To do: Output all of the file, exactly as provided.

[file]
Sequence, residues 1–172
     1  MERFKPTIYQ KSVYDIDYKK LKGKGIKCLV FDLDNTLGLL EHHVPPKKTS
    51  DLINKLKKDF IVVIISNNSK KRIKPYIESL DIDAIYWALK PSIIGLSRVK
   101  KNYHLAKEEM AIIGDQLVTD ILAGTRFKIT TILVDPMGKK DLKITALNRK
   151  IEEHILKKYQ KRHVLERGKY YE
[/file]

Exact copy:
Sequence, residues 1–172
     1  MERFKPTIYQ KSVYDIDYKK LKGKGIKCLV FDLDNTLGLL EHHVPPKKTS
    51  DLINKLKKDF IVVIISNNSK KRIKPYIESL DIDAIYWALK PSIIGLSRVK
   101  KNYHLAKEEM AIIGDQLVTD ILAGTRFKIT TILVDPMGKK DLKITALNRK
   151  IEEHILKKYQ KRHVLERGKY YE